Atheism for Beginners A course book for schools and colleges by Michael Palmer

Atheism for Beginners A course book for schools and colleges

Written by Michael Palmer
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Atheism for Beginners A course book for schools and colleges by Michael Palmer

'Hurray for Michael Palmer!' is how Michael Martin, the distinguished American philosopher, greeted Palmer's The Atheist's Primer (Lutterworth, 2012). Atheism for Beginners, by providing a 'coursebook for schools and colleges,' differs from its predecessor in being designed specifically for teachers and their students. Yet, although different in focus and format, the intention remains the same: to reinstate the importance of philosophy within the debate about God's existence and to act as a corrective to the largely Darwinian criticisms levelled against religious belief by Richard Dawkins and the so-called 'new atheists'. So, in Palmer's lively history of atheism, extending from the ancient Greeks to the present day, we meet the enduring philosophical arguments against God and the great literature in which they are expressed. Atheism for Beginners is user-friendly and presumes no special grounding in philosophy. Throughout assistance is given by numerous aids to learning: there are exercises, marginal notes, essay questions, bibliographies and a glossary. Also provided are fourteen short biographies of famous atheists. In these respects Palmer follows the format first presented in his widely-read Moral Problems of 1991, long established as a core text in the teaching of philosophy. In Atheism for Beginners, Palmer covers the main atheistic arguments, discussing issues such as creation, morality, evil, miracles and the motivations of belief. Particular attention is paid to the work of Hume, Marx, Nietzsche and Freud, with a special chapter devoted to the development of 'disproof atheism'. Atheism is often criticized for being unduly pessimistic: that without God there is nothing to look forward to, no life after death, no final righting of wrongs and no hope of salvation. But this, Palmer argues, is 'a slander against the atheistic outlook'. He concludes, therefore, on a positive note, explaining that happiness and personal fulfilment are to be found in the very materialism that religious belief rejects.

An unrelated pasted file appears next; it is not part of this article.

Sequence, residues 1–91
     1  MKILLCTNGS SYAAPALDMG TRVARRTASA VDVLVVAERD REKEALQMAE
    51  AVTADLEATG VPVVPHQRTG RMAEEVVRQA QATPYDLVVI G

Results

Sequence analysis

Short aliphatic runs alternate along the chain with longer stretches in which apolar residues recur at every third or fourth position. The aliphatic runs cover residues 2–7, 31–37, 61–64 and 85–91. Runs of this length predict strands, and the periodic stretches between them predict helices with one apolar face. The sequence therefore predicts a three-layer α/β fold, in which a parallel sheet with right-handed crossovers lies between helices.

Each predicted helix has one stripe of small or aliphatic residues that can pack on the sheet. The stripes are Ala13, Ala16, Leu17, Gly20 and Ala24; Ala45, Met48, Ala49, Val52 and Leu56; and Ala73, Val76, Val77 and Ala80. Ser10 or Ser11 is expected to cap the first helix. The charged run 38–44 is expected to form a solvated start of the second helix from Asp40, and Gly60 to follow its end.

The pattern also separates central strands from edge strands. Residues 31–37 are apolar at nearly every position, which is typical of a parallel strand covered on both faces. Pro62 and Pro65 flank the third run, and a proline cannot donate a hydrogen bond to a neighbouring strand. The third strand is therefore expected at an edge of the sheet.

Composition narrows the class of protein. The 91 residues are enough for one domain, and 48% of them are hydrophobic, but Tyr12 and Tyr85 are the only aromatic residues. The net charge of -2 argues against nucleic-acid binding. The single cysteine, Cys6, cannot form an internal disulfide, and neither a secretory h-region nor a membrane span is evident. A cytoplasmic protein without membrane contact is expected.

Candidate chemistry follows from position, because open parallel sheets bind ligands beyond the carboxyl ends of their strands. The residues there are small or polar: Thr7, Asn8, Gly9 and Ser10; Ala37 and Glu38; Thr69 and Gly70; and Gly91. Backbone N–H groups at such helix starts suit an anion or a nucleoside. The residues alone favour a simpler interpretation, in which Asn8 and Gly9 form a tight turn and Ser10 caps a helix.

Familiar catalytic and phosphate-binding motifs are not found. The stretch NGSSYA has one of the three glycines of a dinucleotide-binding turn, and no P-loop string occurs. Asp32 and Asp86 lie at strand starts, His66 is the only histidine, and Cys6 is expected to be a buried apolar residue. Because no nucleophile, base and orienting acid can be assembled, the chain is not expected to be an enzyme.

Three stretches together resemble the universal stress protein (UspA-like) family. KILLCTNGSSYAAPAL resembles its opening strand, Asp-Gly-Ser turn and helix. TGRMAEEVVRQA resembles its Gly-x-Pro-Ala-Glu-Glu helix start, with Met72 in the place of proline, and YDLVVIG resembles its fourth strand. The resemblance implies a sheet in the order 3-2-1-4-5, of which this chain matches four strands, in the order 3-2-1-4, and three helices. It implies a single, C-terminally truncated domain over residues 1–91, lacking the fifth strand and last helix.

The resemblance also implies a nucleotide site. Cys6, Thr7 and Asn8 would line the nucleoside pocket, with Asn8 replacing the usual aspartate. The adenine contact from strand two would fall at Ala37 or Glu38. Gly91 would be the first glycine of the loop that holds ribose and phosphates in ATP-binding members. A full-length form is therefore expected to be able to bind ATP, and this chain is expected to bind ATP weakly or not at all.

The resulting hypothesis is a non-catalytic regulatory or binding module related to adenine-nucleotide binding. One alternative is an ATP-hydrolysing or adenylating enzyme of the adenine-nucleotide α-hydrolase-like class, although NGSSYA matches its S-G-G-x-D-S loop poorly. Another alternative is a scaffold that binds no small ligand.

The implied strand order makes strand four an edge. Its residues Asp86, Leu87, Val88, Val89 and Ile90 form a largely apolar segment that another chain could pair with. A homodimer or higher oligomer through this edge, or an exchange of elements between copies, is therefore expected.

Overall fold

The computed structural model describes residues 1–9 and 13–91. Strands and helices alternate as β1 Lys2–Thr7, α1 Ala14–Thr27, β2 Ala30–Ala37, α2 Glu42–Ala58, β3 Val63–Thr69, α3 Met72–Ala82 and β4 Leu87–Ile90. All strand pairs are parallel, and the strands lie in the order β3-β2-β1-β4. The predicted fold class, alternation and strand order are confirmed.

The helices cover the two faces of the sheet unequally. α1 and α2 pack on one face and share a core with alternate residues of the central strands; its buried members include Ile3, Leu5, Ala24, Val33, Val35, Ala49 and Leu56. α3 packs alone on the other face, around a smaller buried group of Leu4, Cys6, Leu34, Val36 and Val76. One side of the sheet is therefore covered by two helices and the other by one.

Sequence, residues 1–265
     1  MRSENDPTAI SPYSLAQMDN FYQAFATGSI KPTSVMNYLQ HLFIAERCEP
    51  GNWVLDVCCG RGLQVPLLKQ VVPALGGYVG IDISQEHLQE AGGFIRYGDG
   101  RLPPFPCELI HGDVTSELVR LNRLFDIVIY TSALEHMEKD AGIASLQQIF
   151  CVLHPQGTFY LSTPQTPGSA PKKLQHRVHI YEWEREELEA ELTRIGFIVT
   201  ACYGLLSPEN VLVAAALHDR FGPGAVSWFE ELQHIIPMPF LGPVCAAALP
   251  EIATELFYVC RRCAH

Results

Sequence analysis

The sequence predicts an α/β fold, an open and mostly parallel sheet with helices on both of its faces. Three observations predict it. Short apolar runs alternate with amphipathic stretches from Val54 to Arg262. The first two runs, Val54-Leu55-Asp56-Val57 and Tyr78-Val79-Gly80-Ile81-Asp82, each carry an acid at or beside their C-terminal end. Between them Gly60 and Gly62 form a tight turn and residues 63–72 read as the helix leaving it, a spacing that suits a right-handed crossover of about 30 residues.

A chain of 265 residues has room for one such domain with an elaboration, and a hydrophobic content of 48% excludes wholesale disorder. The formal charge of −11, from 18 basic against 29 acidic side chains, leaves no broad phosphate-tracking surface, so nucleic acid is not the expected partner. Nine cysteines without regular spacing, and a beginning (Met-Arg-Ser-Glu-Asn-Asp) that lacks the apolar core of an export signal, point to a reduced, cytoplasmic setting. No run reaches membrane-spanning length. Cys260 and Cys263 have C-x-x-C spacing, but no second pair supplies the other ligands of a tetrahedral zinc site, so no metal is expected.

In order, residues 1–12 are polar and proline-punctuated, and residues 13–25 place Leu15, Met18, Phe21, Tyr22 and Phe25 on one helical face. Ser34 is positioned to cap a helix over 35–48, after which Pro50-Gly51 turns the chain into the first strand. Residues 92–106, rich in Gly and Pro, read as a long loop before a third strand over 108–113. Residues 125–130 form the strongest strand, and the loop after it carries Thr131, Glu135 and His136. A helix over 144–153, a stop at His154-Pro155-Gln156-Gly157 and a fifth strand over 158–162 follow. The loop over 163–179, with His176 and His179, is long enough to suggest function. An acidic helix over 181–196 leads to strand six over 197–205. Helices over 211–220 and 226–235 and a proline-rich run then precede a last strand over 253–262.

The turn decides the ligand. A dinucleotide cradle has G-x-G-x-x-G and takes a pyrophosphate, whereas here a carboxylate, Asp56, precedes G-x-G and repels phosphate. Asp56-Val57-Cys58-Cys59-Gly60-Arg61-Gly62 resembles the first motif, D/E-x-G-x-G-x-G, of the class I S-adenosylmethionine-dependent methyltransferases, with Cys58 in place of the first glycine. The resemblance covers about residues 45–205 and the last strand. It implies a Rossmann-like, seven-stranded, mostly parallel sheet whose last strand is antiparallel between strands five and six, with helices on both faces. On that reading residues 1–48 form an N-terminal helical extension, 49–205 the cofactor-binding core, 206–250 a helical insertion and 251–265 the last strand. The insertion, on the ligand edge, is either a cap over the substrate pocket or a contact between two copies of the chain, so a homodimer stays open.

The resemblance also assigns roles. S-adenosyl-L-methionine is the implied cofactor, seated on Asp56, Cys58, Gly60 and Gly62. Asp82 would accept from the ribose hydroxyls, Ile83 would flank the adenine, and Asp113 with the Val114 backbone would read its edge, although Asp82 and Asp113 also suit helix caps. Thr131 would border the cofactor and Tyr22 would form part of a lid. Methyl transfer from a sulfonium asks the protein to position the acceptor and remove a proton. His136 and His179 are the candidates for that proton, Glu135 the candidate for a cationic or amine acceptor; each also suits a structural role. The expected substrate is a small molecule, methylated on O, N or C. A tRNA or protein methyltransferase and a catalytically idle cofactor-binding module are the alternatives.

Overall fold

The style is clear and approachable, and the reading doesn't require specific knowledge of the philosophical field. [...] The aim is to teach students how to think logically in order to make them able to critically judge various theistic/creationist/fatalistic arguments that religions advance in their support and don't let them be deceived by logically incoherent and slanted reasoning. [...] The last chapter is particularly interesting as it deals with recent developments of disproof Atheism ... by contemporary philosophers as Alfred j. Ayer, John N. Findlay, Michael Martin, Nicholas Everitt, etc.

'It is this balanced and careful writing that makes this book so useful. As a repository of much information about philosophers and a very clear statement of their views with careful referencing to their writings it will be of use to teachers of courses in the philosophy of religion at all levels in schools and colleges as well as to students.

.31, No.2, Spring 2014

Michael K. Jones, United Church of Canada, in Theological Book Review (tbr), Vol. 25, No.1, 2013

About the Author

A former Teaching Fellow at McMaster University and Humboldt Fellow at Marburg University, Dr Palmer has taught at Marlborough College and Bristol University. For many years Founding Head of the Department of Religion and Philosophy at the Manchester Grammar School, Dr Palmer is also the author of the best-selling textbook Moral Problems as well as of the two-volume textbook The Philosophy of Religion. More recently he has written The Atheist's Creed (2010) and The Atheist's Primer (2012). His work has been translated into many languages.

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Book Info


238 pages


Michael Palmer
More books by Michael Palmer


Lutterworth Press an imprint of James Clarke & Co Ltd

Publication date

28th February 2013



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